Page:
The Pennsylvania State University
Cover for the book Friends and Enemies in Penn's Woods

Friends and Enemies in Penn's Woods

Indians, Colonialists, and the Racial Construction of Pennsylvania Edited by William Pencak, and Daniel K. Richter
  • Copyright: 2004
  • Dimensions: 6 x 9
  • Page Count: 336 pages
  • Illustrations: 13 illustrations/4 maps
  • Hardcover ISBN: 978-0-271-02384-7
  • Paperback ISBN: 978-0-271-02385-4

Hardcover Edition: $94.95Add to Cart

Paperback Edition: $34.95Add to Cart

Friends and Enemies in Penn’s Woods is a well-conceived series of essays that together treat the themes of coexistence and racial conflict. And they do so with great sensitivity to change. The essays reveal, in vivid detail, ordinary as well as great individuals grappling with these great problems. But, perhaps because they are written by both some of the most established scholars in the field and new, rising talent, the essays are not in complete harmony with one another, they do not tell a single, seamless story. Instead, this is a book in which many sparks fly.”
“This is an excellent collection of essays whose authors, a combination of seasoned scholars and neophytes, make a special effort to speak to one another. This gives the book more cohesion than one usually finds in anthologies. I highly recommend it to professional historians and advance studies of Native American and colonial history.”
“Gathering together some of the best and most recent scholarship on eighteenth-century race and cultural encounters, Friends and Enemies in Penn's Woods is a testament to the dynamic state of early Pennsylvania history. Indeed, a plethora of submissions to a regional journal gave editors William A. Pencak and Daniel K. Richter the raw material to shape this volume around the work of thirteen historians, many of whom were nurtured in the academic community that thrives in the mid-Atlantic. This volume, then, is also a tribute to the stimulating scholarly discussions generated at the McNeil Center for Early American Studies and the rich archival sources found in the Historical Society of Pennsylvania, the Library Company of Philadelphia, and other area repositories.”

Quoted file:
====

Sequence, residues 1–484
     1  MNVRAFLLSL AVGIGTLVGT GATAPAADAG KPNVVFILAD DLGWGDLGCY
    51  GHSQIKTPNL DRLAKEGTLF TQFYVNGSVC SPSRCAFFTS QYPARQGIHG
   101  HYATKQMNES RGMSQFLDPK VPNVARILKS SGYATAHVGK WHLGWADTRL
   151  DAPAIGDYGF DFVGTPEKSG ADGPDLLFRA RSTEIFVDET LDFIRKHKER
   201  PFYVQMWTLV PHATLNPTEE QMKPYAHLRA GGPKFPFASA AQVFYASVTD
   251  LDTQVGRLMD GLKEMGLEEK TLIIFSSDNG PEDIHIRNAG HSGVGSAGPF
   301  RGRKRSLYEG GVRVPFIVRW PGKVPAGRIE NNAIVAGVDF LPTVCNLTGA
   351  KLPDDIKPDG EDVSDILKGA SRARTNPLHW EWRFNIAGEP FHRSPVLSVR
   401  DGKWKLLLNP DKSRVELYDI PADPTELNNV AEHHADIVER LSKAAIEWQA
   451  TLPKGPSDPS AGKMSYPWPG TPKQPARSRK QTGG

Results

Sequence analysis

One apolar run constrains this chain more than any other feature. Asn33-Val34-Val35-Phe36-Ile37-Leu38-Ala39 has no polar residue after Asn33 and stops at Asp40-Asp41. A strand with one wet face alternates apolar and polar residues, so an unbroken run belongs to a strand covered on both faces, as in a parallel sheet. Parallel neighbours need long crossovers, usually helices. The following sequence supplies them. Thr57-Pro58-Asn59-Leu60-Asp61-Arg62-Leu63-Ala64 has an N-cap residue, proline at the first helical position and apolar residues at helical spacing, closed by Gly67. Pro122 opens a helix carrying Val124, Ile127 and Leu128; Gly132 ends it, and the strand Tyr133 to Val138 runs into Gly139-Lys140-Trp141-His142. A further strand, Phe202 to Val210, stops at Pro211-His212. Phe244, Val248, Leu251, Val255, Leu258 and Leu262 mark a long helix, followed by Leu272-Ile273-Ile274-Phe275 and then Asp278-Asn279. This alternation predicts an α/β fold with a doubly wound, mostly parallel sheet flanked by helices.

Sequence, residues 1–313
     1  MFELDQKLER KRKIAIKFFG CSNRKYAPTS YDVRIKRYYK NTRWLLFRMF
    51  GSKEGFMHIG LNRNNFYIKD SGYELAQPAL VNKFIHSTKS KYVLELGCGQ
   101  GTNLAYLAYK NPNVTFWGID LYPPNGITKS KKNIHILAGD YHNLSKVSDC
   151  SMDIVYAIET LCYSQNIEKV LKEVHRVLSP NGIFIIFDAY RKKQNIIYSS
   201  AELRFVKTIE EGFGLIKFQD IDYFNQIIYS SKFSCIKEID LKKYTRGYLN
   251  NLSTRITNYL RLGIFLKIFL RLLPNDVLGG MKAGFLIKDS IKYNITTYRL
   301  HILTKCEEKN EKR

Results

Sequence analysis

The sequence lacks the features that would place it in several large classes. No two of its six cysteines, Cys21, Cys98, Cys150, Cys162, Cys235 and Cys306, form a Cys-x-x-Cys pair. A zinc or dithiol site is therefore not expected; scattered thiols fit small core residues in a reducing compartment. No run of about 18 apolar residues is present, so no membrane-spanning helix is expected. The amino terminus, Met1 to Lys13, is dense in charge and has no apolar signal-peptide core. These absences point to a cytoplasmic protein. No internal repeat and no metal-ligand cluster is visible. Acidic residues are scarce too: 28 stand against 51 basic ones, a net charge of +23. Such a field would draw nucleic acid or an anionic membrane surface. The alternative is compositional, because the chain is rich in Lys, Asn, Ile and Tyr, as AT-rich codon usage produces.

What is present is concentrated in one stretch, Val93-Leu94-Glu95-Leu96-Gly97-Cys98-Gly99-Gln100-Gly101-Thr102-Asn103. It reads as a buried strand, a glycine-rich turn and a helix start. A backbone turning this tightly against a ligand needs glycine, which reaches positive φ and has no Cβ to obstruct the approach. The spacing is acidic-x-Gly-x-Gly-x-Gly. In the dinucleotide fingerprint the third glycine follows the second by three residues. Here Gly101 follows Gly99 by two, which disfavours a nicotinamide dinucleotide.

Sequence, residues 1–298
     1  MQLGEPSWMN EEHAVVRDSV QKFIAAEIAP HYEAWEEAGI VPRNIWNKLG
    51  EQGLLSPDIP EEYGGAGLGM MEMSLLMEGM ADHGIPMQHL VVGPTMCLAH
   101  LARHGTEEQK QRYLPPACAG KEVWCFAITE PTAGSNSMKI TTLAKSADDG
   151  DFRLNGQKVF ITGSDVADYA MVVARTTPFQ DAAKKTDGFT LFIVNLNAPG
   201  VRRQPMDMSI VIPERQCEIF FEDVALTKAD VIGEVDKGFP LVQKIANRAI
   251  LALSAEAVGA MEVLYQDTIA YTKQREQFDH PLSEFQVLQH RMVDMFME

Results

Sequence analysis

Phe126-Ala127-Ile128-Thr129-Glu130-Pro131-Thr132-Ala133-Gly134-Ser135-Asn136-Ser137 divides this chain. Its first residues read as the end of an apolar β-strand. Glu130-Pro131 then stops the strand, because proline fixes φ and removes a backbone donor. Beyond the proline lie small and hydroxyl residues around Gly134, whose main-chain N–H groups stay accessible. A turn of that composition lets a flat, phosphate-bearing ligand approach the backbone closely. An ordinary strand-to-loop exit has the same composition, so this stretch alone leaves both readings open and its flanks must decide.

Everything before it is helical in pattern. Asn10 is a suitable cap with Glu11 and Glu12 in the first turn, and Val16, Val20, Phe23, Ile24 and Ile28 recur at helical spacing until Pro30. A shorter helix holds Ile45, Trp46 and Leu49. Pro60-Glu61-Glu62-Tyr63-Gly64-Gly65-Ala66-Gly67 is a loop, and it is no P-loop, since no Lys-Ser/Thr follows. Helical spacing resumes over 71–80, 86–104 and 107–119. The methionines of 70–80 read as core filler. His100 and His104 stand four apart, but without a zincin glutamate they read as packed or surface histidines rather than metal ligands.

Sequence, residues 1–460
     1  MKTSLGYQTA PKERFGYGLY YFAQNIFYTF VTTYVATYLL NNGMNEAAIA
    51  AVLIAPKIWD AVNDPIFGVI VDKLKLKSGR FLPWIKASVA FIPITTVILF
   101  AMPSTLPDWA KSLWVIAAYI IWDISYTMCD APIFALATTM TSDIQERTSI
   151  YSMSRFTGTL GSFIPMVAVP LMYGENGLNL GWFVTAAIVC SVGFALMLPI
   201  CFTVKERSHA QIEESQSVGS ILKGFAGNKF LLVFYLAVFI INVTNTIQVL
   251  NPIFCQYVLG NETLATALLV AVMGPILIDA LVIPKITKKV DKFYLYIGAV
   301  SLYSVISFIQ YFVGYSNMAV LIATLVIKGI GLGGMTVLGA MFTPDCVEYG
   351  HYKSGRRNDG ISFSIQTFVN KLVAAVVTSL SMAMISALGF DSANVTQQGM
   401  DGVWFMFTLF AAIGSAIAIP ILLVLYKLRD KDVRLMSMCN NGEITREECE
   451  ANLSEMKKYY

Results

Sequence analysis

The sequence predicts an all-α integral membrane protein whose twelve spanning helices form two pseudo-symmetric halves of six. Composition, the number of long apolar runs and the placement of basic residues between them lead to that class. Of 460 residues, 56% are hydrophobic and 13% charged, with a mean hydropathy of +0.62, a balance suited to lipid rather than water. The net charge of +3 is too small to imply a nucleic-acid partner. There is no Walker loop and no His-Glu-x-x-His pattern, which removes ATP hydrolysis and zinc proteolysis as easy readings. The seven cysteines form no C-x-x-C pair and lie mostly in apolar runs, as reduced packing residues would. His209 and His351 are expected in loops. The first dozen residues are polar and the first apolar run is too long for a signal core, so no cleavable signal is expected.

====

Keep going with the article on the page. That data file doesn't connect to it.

“As with most collections, the essays here vary in depth and quality, but compared to other collections, this one holds together especially well. Organized chronologically and dealing so closely with the same region and problems, the book situates the dark side of Pennsylvania’s history in an easy-to-follow narrative, with richness of detail and, remarkably, with little to no redundancy.”
“Every now and again—but all too rarely— a collection of essays appears that lives up to its title. The editors of Friends and Enemies in Penn’s Woods, William Pencak and Daniel Richter, have produced such a book.”
“The authors as well as the editors are to be congratulated for their success in pulling a diverse body of work together so effectively.”

Two powerfully contradictory images dominate historical memory when we think of Native Americans and colonists in early Pennsylvania. To one side is William Penn’s legendary treaty with the Lenape at Shackamaxon in 1682, enshrined in Edward Hicks’s allegories of the "Peaceable Kingdom." To the other is the Paxton Boys’ cold-blooded slaughter of twenty Conestoga men, women, and children in 1763. How relations between Pennsylvanians and their Native neighbors deteriorated, in only 80 years, from the idealism of Shackamaxon to the bloodthirstiness of Conestoga is the central theme of Friends and Enemies in Penn’s Woods.